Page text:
Another interesting perception was how the law sends out signals of a woman’s worth, which is often also reflected in local proverbs. In local dialect, a popular saying in the Democratic Republic of Congo that “a woman is a stranger” shows the view that women are not to be trusted, particularly with property. But education and awareness-building can help change these perceptions. Studies such as the forthcoming report on Voice, Agency and Participation by the World Bank’s Gender and Development Department can shed light on the interaction of social and cultural norms and women’s economic empowerment, and potential drivers of change.
 
Approach to reforms and the crucial element of implementation
Different experiences were reported in enacting legal reforms. Despite some setbacks, Côte d’Ivoire passed important reforms within a short time frame and is focusing on implementation through awareness and capacity-building. Mali is continuing its reform process by engaging with local and community leaders. And Niger is building the foundation for reform by conducting dialogue with a wide range of stakeholders. Other countries also mentioned initiatives they have undertaken in looking at reforming their respective family codes, which in many cases remain the legacy of the French Napoleonic Code.
 
A crucial point raised by almost all the countries was that even when laws on the books are equal, implementation can prove challenging. Especially in societies with entrenched cultural norms, the engagement of the community and judges, including customary chiefs, is key to achieving greater equality in practice. Country experiences showed the importance of raising awareness and engaging the population.
 
The dual themes of local engagement and dialogue prior to reform, along with capacity-building and implementation support after reform, were repeated by participants throughout the two-day event. Both themes have been prevalent in the host country of Togo, where the work of local advocates led to a reform in the Togolese Family Code: The reform reversed a provision stating that customary law applied in inheritance matters unless an opt-out declaration was made. Meanwhile, a training for judges has led to greater implementation of human rights provisions in accordance with Article 50 of the Constitution.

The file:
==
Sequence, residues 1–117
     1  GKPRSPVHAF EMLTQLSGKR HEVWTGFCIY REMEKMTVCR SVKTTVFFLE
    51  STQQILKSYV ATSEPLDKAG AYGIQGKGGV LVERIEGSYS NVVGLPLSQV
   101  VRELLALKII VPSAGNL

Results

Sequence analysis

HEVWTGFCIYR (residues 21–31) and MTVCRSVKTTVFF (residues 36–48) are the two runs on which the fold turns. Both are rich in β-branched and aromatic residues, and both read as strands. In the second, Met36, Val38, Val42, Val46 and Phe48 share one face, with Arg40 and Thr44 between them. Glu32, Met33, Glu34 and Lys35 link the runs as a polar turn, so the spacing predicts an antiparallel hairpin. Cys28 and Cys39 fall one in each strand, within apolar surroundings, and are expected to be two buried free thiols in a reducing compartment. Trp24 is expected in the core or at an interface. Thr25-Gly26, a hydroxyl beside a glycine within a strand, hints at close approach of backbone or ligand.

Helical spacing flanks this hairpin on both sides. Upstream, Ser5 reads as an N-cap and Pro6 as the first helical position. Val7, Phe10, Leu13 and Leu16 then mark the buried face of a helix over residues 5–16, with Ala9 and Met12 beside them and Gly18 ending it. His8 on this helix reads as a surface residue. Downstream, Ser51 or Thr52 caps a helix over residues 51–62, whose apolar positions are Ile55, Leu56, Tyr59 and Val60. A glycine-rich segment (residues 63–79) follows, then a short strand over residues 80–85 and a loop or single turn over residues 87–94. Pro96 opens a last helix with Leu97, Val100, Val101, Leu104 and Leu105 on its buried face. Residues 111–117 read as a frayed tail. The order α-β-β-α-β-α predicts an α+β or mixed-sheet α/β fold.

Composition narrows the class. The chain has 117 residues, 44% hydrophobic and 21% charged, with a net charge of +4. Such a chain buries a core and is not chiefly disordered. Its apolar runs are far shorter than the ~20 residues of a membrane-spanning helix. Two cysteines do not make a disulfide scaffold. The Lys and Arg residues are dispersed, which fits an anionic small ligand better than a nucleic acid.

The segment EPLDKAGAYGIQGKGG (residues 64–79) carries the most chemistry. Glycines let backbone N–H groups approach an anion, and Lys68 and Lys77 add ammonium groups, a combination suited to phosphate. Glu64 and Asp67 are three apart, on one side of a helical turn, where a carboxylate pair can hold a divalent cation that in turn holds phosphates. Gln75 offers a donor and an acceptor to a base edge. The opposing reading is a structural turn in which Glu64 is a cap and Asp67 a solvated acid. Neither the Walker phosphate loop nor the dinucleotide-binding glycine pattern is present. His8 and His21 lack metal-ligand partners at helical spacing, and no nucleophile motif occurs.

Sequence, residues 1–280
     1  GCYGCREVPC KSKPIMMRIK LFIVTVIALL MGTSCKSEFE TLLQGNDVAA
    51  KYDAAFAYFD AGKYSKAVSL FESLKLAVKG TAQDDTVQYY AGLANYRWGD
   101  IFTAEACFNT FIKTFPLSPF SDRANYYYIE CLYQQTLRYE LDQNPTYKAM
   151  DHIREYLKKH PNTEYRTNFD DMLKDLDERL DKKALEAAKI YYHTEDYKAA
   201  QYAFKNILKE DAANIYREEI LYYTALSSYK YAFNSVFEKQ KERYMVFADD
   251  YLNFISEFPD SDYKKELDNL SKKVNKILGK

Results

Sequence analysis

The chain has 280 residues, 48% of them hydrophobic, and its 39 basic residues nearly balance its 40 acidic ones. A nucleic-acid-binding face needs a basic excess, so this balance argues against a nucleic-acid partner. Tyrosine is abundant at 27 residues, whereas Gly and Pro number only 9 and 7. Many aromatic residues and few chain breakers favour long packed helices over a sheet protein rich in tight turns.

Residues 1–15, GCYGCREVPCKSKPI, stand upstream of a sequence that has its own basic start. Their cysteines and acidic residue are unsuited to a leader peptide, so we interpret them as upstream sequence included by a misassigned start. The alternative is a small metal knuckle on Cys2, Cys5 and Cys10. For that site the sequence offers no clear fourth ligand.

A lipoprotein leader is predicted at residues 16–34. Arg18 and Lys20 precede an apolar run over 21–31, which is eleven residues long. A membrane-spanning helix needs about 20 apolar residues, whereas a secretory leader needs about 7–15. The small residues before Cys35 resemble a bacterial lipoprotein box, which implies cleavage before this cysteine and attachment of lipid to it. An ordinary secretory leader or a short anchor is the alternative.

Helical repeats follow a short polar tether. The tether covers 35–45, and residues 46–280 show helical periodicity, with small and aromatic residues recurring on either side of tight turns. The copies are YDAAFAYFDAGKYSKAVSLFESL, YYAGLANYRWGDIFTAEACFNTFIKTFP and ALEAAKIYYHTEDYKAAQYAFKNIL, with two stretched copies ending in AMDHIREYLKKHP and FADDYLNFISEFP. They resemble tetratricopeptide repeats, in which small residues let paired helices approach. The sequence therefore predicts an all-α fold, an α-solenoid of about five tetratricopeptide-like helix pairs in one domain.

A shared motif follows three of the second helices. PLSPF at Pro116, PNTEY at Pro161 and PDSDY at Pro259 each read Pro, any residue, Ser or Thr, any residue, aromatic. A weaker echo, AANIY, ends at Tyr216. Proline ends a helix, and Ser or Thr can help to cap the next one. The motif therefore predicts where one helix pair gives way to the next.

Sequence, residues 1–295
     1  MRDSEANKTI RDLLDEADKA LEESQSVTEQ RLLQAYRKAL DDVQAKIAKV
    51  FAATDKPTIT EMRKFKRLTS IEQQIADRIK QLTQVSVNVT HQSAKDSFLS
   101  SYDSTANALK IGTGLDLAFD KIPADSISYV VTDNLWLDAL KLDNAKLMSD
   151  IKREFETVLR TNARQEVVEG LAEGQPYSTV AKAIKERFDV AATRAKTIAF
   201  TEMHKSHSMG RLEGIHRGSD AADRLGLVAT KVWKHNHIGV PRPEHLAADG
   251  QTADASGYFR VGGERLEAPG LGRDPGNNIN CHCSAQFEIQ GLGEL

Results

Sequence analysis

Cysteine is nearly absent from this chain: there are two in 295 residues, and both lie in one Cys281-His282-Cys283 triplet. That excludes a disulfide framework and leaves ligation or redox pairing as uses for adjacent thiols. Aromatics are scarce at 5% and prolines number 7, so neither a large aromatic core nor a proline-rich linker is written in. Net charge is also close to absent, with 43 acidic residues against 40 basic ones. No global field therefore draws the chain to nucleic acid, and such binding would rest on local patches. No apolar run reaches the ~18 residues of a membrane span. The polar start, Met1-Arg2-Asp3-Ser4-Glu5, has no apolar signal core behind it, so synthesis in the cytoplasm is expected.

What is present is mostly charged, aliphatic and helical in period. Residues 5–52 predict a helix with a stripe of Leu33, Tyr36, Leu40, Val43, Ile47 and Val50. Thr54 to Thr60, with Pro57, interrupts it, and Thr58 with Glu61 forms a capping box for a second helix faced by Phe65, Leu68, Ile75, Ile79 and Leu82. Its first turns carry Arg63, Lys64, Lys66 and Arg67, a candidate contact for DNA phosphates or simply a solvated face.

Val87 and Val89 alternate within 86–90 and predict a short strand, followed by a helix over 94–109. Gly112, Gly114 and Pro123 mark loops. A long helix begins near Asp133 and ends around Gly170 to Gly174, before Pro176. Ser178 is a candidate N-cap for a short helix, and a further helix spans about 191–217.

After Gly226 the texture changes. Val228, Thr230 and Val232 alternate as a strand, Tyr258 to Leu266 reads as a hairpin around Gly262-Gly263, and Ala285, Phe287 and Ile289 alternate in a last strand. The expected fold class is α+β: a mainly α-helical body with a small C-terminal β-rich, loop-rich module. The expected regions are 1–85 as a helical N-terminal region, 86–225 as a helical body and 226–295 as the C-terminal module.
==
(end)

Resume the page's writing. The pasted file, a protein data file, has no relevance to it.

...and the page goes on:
Additionally, translating gender equality in the law into equal access for women may require further incentives. The Minister of Benin, for example, mentioned that while discriminatory provisions have been removed from the laws, inequality still persists in women’s access to decision-making positions. In fact, the issue of women’s representation in parliament was a common topic of concern raised by the countries in the context of achieving gender equality in practice, as the region has already started putting in place quotas for women’s representation.
 
Point well taken
While many of the issues are common to the countries, so is the commitment to continue promoting gender parity and encourage greater participation of women in the economy. And, as well noted by Minister Dédé Ahoéfa Ekoué, “Economic growth does not necessarily lead to reforms ensuring greater economic access for women, but women’s access to their rights and legal gender equality does help leverage women to support economic growth for the country.” The Minister added that the regional workshop was perfectly in line with their national theme for International Women’s Day – which will be marked this Saturday, March 8: "Economic Empowerment for Women, Progress for All."